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Turkey: workers unite against crisis – May Day in Taksim Square at last

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The pressure from trade unionists and left activists wanting to march on May Day, forcing the government to legalise the event shows an upsurge in militancy says Peter Main

For the first time since 1978, workers succeeded in celebrating May Day in Istanbul's huge Taksim Square. More than 200,000 marched under the banners of six trade union federations. The demonstration is powerful evidence of a revival of the Turkish and Kurdish workers' militancy in response to the economic crisis.

This revival was sparked by the Tekel workers' epic struggle to resist the destruction of jobs and livelihoods.

On 15 December 12,000 workers lost their jobs when Tekel, previously the state monopoly on tobacco and liquor, was sold off to British American Tobacco. Their strike brought together workers across the whole of the country, from the tobacco-producing districts of Turkish Kurdistan to the Aegean coast. These workers have taken on not only the government and the courts but also their own trade union leaders. Their union, Tek Gida-Is, is part of the pro-government Turk-Is Confederation whose leader is Mustafa Kumlu.

Tekel workers have used hunger strikes, occupied a public park in Ankara, besieged and then occupied the union headquarters, and forced Turk-Is to call a solidarity general strike in February. These actions won the admiration and support of workers across the country. Crucially, the strike brought together Turkish and Kurdish workers in a display of solidarity that has done much to overcome divisions carefully nurtured by the state for decades. The legal representative of the Kurdish movement, in effect the largest opposition movement in Turkey, also called for mass participation in May Day under the slogan "Turkish and Kurdish workers unite!"

But immediately after the strikers won a significant concession from the courts which annulled a government order to conclude the dispute within 30 days, Kumlu ordered the dismantling of the “tent city” in Ankara that was the nerve centre of the strike.

This set back the workers' momentu - but it also undermined Kumlu's prestige. He was shouted down and had to be bundled away from the podium by the police for his own safety!

Historical Victory - Taking Taksim Square
In 1977, Taksim Square was the scene of a police massacre in which 37 demonstrators died. In 1978 the government banned all further demonstrations. This year, photographs of those who died took pride of place on the demonstration.

For the last four years, Taksim Square has seen repeated attempts by socialist and workers' organisations, in particular the Revolutionary Workers' Unions Confederation, DISK, to commemorate the victims of the massacre and to celebrate May Day. On each occasion, they have been bloodily dispersed by riot police. The decision by the Governor of Istanbul to authorise demonstrations marks an important victory for the left. This is not just a change of heart but recognition of the increasing impact of the left in the workers' movement.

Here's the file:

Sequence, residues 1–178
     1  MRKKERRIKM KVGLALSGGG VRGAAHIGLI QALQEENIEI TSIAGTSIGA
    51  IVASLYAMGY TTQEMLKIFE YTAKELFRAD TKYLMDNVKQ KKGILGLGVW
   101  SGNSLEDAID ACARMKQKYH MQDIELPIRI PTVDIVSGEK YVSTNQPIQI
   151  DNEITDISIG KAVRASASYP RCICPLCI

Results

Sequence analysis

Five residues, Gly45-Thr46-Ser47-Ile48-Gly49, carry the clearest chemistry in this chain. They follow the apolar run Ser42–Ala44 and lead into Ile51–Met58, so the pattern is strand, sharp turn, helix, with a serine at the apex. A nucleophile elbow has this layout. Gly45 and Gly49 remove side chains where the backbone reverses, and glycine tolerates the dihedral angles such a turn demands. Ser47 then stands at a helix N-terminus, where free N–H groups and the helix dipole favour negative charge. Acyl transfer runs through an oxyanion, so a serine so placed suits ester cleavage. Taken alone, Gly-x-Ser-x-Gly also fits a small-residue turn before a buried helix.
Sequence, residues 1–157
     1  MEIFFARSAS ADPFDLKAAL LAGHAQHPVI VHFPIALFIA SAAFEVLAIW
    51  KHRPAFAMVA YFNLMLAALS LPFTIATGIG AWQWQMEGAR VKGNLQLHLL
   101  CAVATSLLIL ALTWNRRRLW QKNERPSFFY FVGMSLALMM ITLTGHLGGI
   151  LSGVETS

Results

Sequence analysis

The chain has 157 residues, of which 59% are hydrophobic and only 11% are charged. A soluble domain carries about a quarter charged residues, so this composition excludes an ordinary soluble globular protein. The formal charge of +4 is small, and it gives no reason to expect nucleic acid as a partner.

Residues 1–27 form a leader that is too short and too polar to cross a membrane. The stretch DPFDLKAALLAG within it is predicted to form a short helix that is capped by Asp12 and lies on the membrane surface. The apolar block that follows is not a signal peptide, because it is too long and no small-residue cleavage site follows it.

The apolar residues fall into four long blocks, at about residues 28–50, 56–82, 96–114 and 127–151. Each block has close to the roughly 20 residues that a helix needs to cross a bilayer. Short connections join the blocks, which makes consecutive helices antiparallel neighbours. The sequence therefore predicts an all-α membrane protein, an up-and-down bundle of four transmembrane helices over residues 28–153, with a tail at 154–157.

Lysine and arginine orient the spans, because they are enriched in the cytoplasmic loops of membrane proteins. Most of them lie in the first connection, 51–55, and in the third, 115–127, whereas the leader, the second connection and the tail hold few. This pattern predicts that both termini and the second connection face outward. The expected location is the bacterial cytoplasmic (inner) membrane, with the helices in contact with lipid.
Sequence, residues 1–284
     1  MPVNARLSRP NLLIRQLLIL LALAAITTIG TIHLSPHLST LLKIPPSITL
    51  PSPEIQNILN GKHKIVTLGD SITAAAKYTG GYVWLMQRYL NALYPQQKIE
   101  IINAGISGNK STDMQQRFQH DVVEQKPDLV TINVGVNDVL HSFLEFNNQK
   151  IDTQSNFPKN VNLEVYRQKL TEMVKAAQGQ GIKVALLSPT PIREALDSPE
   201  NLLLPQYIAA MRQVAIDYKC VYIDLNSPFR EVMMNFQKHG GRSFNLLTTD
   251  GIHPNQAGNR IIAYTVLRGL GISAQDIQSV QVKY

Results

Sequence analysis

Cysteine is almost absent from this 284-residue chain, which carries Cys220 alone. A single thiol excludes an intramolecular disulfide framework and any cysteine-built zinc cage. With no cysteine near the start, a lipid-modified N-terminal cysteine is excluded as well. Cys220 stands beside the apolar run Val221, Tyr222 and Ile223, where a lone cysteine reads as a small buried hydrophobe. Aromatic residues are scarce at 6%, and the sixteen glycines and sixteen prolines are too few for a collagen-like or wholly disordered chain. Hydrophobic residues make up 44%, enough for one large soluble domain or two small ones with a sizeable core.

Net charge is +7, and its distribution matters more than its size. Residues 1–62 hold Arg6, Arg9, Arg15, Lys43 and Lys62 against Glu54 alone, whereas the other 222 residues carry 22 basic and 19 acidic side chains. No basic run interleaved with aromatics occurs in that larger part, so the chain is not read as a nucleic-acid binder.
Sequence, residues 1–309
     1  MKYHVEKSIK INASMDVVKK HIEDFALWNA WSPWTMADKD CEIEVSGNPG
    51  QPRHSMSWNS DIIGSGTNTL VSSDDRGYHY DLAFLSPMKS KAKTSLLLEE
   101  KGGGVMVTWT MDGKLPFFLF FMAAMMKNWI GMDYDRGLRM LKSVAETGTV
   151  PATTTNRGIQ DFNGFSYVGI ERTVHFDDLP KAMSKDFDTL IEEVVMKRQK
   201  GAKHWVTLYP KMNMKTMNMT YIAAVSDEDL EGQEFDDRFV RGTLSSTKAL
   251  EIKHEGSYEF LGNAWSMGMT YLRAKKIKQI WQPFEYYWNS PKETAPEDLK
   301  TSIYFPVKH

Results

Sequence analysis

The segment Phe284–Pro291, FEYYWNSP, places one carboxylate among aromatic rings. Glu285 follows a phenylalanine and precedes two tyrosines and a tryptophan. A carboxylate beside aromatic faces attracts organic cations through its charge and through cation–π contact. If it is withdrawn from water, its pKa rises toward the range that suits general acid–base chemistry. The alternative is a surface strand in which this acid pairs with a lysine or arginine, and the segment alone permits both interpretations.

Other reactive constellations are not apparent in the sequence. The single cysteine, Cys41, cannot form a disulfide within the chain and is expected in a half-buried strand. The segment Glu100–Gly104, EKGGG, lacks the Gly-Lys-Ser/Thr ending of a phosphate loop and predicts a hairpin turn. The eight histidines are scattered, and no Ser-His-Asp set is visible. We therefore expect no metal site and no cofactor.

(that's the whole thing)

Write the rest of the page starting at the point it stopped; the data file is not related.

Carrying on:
This year, although the DISK contingent was by far the biggest, the demonstration was joined by the largest of the trade union confederations in Turkey, Turk-Is, which is aligned to the ruling Justice and Development Party, as well as Hak-Is, the conservative, religious trade union federation. Even within those confederations, the pressure of rank and file members has forced the leaders to act.

Workers' united front needed
May Day 2010 was an outstanding victory for the working class. It showed that working class action led by militant trade unionists and revolutionary youth can mobilise mass support and even force the existing leaders of mass organisations, despite their loyalty to the government, to mobilise their own organisations too.

Faced with a capitalist crisis of historic severity, the Turkish revolutionary left has two related tasks. The first is to create a unified revolutionary party on a programme of transitional demands that provides a bridge between the needs of the struggle today and the fight for working class power. The second is to unite the rank and file of the trade unions into councils of workers' delegates to organise mass political strikes to stop the government making the workers' pay for the crisis.

A new party and a rank and file movement within the unions could help resolve the crisis of leadership in the Turkish working class movement, by mounting a challenge to the hold of the treacherous bureaucrats like Kumlu and fighting for action despite them where necessary. This could allow a successful defence of the working class in a united strike wave. As in Greece, this could throw Turkish capitalism into an even deeper crisis, for which there is only one progressive solution: working class power and revolutionary socialism.